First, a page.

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Proceedings Paper

Achieving safe autonomous landings on Mars using vision-based approaches
Author(s): Homer H. Pien
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Paper Abstract

Autonomous landing capabilities will be critical to the success of planetary exploration missions, and in particular to the exploration of Mars. Past studies have indicated that the probability of failure associated with open-loop landings is unacceptably high. Two approaches to achieving autonomous landings with higher probabilities of success are currently under analysis. If a landing site has been certified as hazard free, then navigational aids can be used to facilitate a precision landing. When only limited surface knowledge is available and landing areas cannot be certified as hazard free, then a hazard detection and avoidance approach can be used, in which the vehicle selects hazard free landing sites in real-time during its descent. Issues pertinent to both approaches, including sensors and algorithms, are presented. Preliminary results indicate that one promising approach to achieving high accuracy precision landing is to correlate optical images of the terrain acquired during the terminal descent phase with a reference image. For hazard detection scenarios, a sensor suite comprised of a passive intensity sensor and a laser ranging sensor appears promising as a means of achieving robust landings.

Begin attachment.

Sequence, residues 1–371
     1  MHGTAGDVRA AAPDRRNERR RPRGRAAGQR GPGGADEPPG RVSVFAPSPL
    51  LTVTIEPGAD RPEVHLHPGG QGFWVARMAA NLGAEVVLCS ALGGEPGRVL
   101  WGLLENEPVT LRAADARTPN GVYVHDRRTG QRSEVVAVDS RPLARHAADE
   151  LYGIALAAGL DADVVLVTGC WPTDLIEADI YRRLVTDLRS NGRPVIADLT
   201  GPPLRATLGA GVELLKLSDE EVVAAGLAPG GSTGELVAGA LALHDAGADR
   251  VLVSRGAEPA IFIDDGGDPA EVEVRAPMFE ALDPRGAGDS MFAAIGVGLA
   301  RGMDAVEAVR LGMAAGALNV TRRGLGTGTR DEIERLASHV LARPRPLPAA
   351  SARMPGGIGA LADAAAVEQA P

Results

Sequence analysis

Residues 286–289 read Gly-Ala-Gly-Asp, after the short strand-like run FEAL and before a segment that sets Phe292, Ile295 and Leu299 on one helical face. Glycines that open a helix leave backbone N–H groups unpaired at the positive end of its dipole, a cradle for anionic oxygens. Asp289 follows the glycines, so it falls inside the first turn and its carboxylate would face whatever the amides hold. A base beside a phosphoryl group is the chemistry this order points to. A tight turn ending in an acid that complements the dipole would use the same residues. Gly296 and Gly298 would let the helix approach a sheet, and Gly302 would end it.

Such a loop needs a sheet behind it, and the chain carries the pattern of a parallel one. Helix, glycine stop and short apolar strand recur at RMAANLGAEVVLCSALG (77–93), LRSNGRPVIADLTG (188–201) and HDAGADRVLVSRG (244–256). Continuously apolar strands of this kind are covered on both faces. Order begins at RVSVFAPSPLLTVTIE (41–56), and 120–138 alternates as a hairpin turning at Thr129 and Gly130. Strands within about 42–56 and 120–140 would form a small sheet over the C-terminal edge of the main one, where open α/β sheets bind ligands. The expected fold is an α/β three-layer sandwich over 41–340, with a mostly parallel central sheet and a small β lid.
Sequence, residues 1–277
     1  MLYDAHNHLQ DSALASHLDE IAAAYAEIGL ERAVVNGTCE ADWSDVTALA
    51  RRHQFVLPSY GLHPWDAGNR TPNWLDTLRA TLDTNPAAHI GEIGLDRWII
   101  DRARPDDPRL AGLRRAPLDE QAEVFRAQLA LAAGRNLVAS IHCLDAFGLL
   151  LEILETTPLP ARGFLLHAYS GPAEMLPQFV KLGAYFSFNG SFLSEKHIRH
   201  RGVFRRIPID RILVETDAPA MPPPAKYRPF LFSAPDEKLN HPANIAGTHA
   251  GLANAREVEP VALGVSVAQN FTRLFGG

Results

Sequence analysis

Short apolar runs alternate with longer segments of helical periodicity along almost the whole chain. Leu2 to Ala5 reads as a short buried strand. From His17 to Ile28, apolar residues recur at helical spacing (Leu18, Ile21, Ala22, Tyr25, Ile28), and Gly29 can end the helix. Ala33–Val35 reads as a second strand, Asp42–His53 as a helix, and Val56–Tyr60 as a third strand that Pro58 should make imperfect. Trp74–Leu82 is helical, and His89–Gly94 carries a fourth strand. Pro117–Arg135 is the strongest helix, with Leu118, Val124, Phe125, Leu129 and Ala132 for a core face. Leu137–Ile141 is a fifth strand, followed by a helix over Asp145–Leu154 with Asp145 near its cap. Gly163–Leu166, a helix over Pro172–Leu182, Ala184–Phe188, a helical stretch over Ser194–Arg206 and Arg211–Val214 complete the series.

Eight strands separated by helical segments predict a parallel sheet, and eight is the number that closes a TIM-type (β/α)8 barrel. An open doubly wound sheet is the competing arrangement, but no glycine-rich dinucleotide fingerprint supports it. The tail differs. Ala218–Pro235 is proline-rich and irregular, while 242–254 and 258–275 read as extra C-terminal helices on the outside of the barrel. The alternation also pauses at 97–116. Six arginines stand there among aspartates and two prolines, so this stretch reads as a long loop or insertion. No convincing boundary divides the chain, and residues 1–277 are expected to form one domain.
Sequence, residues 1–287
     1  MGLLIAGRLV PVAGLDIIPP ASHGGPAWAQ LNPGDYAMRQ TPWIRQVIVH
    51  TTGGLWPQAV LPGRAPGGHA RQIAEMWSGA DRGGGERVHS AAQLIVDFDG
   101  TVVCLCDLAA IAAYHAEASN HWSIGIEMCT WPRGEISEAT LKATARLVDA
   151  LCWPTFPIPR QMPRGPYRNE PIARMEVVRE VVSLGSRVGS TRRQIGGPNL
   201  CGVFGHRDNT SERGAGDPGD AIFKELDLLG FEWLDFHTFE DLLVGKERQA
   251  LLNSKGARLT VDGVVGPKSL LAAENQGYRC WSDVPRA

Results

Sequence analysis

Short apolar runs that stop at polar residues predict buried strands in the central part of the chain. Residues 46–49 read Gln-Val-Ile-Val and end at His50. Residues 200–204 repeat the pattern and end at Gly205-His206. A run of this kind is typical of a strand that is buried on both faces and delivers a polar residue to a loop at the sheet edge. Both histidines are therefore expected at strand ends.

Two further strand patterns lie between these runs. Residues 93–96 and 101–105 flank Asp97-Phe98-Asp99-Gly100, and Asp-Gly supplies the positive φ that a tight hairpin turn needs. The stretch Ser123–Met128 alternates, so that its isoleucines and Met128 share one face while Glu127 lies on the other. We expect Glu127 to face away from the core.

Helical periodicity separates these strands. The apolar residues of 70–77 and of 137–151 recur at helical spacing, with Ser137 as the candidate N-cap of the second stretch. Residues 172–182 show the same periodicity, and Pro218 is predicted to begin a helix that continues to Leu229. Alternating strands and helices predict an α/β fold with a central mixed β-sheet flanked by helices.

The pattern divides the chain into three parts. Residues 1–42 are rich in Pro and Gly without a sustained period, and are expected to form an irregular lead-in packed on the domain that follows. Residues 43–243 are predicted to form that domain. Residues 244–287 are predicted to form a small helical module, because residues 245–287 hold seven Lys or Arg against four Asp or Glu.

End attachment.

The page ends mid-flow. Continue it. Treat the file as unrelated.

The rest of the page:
Paper Details

Date Published: 1 March 1992
PDF: 12 pages
Proc. SPIE 1612, Cooperative Intelligent Robotics in Space II, (1 March 1992); doi: 10.1117/12.56742
Show Author Affiliations
Homer H. Pien, Charles Stark Draper Lab., Inc. (United States)

Published in SPIE Proceedings Vol. 1612:
Cooperative Intelligent Robotics in Space II
William E. Stoney, Editor(s)

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